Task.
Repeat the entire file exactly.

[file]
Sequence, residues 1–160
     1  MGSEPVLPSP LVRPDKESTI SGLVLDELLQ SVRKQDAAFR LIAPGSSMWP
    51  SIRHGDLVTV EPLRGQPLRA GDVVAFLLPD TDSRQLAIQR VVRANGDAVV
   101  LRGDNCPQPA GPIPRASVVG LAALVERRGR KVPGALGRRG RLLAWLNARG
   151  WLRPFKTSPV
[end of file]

Sequence, residues 1–160
     1  MGSEPVLPSP LVRPDKESTI SGLVLDELLQ SVRKQDAAFR LIAPGSSMWP
    51  SIRHGDLVTV EPLRGQPLRA GDVVAFLLPD TDSRQLAIQR VVRANGDAVV
   101  LRGDNCPQPA GPIPRASVVG LAALVERRGR KVPGALGRRG RLLAWLNARG
   151  WLRPFKTSPV